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 Holiday Central > Chanukah > Tradition of Giving: Chanukah Gelt
Gelt and Gifts: A Tradition of Giving
By: Rivka C. Berman, Contributor
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Chanukah Menorah


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One of the major reasons Chanukah has become so centered around gifts is because of the holiday's proximity to Christmas.  But even before the ho-ho hegemony Chanukah was a traditional time of giving, but in a different way than is popular today.

Jewish Gelt - Gifts are the modern incarnation of the tradition to hand out Chanukah gelt, Yiddish for money.  There are many different suggestions for the source of this custom. 

  • First, the legal technical viewpoint.  The Shulchan Aruch, Code of Jewish Law, explains that the chanukiyah’s candles may only be viewed to recall the miracle and not for any other purpose.  The Shulchan Aruch’s author, Rabbi Josef Caro, includes counting money as an example of what the chanukiyah lights cannot be used for.  Giving out Chanukah money was a way to remember this prohibition. 

  • The Talmud refers to money on Chanukah when it cautions Jews that they must light at least once candle, per household, per night on Chanukah – even if they must go door to door for candle funds.  The widespread custom of giving Chanukah gelt enabled the poor to get the candle money they needed without feeling great embarrassment.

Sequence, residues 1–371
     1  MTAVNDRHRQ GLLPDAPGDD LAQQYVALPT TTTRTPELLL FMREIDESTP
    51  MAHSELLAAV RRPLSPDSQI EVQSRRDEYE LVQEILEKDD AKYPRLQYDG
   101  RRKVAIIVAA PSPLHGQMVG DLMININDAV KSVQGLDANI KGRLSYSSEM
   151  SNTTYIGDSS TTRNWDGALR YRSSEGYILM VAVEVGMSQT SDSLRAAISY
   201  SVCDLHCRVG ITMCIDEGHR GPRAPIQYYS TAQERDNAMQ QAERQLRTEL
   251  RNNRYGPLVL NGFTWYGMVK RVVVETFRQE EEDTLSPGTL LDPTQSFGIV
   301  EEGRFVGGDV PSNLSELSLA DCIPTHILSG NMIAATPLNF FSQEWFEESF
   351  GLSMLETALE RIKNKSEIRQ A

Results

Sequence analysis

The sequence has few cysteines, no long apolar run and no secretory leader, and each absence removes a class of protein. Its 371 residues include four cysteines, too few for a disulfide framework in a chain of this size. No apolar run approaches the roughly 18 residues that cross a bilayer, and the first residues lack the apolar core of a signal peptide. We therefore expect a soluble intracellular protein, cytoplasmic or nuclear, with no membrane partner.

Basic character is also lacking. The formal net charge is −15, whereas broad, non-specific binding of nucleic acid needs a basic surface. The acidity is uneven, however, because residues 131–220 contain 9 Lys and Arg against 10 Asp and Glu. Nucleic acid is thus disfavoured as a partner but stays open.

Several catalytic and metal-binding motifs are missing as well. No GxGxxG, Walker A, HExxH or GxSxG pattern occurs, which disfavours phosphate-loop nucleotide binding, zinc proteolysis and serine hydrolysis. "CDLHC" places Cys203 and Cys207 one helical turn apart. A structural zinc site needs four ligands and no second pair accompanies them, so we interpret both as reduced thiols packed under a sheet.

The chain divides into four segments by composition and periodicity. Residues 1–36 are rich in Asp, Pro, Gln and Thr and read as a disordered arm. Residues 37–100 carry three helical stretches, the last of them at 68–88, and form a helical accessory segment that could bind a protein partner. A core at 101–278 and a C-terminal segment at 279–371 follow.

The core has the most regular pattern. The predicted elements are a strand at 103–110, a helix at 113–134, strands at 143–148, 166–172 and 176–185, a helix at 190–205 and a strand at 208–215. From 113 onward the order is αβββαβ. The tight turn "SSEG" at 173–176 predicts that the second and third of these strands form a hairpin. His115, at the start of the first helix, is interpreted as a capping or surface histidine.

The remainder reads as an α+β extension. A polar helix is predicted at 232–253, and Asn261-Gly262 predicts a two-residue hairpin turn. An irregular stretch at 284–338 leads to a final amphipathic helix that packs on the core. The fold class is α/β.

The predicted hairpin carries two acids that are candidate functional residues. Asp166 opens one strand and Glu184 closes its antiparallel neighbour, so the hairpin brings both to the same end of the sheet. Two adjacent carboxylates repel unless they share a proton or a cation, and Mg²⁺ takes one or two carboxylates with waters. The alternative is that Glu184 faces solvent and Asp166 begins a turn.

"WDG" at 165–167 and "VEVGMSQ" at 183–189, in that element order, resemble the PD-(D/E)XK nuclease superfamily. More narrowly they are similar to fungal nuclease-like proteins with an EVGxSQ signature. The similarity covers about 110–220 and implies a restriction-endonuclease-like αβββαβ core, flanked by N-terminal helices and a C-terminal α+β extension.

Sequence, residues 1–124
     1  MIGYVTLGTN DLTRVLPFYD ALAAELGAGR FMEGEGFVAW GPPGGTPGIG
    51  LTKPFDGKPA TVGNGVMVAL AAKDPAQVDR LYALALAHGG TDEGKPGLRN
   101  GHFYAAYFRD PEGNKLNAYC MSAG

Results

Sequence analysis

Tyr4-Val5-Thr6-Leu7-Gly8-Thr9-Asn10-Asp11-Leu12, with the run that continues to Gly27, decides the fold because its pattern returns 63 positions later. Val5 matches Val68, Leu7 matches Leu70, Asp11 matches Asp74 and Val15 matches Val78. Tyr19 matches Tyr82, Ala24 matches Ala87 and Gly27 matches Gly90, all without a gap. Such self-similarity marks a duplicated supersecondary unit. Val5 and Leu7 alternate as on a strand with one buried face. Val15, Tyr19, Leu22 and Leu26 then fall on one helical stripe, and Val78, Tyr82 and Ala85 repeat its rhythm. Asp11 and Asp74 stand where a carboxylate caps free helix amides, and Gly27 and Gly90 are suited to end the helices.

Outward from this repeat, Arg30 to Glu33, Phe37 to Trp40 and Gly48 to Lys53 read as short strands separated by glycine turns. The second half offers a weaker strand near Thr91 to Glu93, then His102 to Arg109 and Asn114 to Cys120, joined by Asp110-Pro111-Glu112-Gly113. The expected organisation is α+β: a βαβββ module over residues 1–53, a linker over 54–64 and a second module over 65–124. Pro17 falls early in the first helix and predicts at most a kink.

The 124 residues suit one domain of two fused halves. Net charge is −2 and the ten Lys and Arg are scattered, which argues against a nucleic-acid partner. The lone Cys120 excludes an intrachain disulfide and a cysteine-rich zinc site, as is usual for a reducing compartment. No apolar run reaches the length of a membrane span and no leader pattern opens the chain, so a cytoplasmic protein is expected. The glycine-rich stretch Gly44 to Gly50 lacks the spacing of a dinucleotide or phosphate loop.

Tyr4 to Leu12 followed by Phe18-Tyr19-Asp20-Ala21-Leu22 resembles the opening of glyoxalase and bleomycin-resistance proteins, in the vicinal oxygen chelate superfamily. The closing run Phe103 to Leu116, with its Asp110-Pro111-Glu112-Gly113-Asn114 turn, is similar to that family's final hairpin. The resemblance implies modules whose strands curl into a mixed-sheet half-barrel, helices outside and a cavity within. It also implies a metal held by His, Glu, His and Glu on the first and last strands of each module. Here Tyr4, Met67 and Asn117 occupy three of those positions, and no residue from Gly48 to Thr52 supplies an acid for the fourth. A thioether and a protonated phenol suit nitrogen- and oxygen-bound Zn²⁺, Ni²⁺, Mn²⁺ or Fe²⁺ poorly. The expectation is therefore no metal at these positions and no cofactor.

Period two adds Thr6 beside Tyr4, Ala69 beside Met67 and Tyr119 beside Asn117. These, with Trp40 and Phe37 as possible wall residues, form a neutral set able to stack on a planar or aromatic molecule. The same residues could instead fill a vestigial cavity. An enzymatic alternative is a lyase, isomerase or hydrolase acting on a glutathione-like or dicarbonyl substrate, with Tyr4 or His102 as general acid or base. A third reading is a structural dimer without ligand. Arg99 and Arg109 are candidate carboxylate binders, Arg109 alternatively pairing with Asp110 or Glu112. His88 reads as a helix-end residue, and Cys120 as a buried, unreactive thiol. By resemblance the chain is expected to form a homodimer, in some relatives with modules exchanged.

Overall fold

• As the battles over the adoption of the Euro proved, a distinctive coinage is part of a nation’s pride.  Twenty-two years after the Maccabees won the battle, their descendants, who became a royal family, minted coins to celebrate the county’s autonomy.  Temple images such as the menorah and showbread were embossed onto the coins as reminders of the national glory that had been restored.  Giving out gelt recalls this high point of Jewish freedom.

FYI: Each year the Bank of Israel mints special Chanukah coins featuring a Jewish community from around the world.

  • Chanukah has the same three-letter root word as the Hebrew word for education, which is chinuch.  This was the time of year, in the dead cold of winter, when poorly paid Jewish teachers would receive a bonus from their students’ parents.
     
  • Chanukah also comes in the lull between holidays, during a long stretch of in-school time.  Around Chanukah parents offered their children a little prize money to reward them for studying hard.

Thinking Books for Kids? Check out http://www.MazorBooks.com
Highly Appropriate for Chanukah
The Taste of Hebrew for English Speaking Kids


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Mazor Guide for Chanukah brings you much more about the holiday, its meaning and its traditions... See the links below.

 
     
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